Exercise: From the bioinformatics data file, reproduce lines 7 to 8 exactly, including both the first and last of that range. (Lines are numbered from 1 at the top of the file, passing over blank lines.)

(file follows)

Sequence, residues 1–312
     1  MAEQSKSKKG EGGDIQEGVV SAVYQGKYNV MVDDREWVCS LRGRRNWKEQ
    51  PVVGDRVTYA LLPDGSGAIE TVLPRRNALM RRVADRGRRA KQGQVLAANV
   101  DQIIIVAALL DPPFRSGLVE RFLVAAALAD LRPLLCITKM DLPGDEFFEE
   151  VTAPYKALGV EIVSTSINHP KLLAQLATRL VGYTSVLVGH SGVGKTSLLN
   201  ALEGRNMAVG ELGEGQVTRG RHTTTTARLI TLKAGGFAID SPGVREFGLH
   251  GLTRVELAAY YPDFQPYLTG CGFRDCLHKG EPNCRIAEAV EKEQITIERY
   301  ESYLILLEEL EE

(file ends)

   251  GLTRVELAAY YPDFQPYLTG CGFRDCLHKG EPNCRIAEAV EKEQITIERY
   301  ESYLILLEEL EE